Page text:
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Strange Brew

by Daniel Spinali March 1, 2011
Strange Brew

The American movie machine has had far too much control over this column. How ‘bout some Canadiana, eh?

Bob and Doug McKenzie are losers. There is no doubt about that. Their idea of a good day is to sit around and drink beer, cook back bacon and smoke, on top of perpetually calling each other names.

Having spent their dad’s beer money (not on beer, of course) the brothers are stuck between a rock and a hard place. They just drank the last three beers in the house (they gave the third to their dog Hosehead) and are charged by their dad to get him a fresh case of Elsinore beer. They come up with the plan of stuffing a mouse into a beer bottle in order to get a free case from the beer store.

Their plan begins to fall apart the second they reach the counter at the beer store. The clerk refuses to give them free beer and insists that they take up their complaint with the brewery. When they arrive at the brewery, they manage to save the daughter of the recently deceased owner, Pam Elsinore, from injury when her car becomes stuck in the electrified front gate. Once inside the brewery, they find out that since the owner’s death, the brewmaster, known as Brewmaster Smith, and Pam’s uncle, Claude Elsinore, have fired virtually all the employees in an effort to automate the entire brewery. Irritated by this fact (and by the mouse in the bottle) Pam hires Bob and Doug to work in quality control on the bottling line.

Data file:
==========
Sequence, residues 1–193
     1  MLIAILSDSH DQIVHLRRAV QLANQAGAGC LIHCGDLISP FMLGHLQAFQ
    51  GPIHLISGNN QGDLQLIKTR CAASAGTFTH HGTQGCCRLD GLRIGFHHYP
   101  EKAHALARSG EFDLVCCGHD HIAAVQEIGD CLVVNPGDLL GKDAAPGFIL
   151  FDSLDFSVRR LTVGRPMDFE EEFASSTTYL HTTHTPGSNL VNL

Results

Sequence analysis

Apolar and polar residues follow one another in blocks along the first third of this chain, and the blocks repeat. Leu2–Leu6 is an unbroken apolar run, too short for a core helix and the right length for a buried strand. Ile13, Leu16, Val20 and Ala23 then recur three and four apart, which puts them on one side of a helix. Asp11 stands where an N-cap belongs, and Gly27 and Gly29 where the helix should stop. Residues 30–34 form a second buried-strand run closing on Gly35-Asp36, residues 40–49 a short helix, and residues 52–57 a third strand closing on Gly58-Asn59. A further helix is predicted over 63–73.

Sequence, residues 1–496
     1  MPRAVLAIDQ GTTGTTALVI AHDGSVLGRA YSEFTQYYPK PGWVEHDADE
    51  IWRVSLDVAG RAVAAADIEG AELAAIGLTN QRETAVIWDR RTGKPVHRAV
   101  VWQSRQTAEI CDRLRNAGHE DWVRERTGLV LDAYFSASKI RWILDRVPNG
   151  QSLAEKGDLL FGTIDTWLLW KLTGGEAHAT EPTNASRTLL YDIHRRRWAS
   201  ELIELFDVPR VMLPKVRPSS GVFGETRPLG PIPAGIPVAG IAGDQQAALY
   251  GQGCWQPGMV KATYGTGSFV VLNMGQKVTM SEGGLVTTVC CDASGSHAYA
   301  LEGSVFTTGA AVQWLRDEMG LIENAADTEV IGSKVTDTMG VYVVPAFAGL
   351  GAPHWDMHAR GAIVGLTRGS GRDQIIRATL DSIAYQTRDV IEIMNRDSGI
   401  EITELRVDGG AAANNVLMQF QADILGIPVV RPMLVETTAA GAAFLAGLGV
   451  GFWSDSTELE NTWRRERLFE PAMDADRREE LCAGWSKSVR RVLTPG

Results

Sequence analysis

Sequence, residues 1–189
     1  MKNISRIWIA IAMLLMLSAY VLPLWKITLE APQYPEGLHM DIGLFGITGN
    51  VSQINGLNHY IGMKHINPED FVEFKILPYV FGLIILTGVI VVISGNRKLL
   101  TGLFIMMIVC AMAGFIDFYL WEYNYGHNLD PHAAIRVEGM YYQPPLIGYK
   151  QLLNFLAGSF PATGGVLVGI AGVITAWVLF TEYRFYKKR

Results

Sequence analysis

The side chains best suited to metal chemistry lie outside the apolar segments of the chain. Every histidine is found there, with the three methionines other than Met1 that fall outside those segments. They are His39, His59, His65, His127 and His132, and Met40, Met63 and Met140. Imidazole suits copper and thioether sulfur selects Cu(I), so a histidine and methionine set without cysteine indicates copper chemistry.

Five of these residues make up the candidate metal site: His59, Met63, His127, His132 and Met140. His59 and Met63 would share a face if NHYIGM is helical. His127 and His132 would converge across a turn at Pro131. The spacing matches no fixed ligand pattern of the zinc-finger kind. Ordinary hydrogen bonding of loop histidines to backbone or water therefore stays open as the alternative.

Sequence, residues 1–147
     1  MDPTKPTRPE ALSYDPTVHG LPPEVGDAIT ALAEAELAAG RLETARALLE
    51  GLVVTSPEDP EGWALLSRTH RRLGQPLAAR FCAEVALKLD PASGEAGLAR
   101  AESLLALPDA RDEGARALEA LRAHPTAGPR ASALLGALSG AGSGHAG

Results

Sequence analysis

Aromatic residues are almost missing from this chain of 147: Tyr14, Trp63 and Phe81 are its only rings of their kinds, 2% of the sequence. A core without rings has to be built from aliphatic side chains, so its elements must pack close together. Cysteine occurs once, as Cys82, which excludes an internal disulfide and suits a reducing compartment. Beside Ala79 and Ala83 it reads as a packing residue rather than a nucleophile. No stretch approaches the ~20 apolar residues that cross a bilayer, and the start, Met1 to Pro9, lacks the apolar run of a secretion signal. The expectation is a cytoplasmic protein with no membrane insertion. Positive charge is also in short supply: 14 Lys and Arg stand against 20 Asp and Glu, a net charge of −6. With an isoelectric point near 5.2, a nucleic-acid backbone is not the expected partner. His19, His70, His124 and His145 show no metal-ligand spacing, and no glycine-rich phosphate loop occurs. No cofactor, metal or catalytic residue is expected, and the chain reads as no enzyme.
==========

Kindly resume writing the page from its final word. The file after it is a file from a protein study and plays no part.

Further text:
While at work, the brothers encounter Jean “Rosie” LeRose, a former hockey player who had a career-ending nervous breakdown and ended up working at the brewery. He, like many others, has fallen under the control of Brewmaster Smith, who in reality is a doctor at the Royal Canadian Institute for the Mentally Insane. Using his knowledge of drugs, Smith concocts a beer with a mind control serum that makes people react to certain sounds. His plan is to release the beer to the unsuspecting public at the annual Oktoberfest celebrations in Kitchener, Ont. It’s a first step towards eventual world domination.

This movie is, without a doubt, as Canadian as Canadian can be. It takes place in Ontario, the main characters always have toques on, beer is a major plot device and every sentence ends with “eh?” or “hoser.”

Is there a problem with that? I don’t think so, eh!

Strange Brew

Directed by Rick Moranis and Dave Thomas, 1983

Starring Rick Moranis, Dave Thomas and Max von Sydow

 

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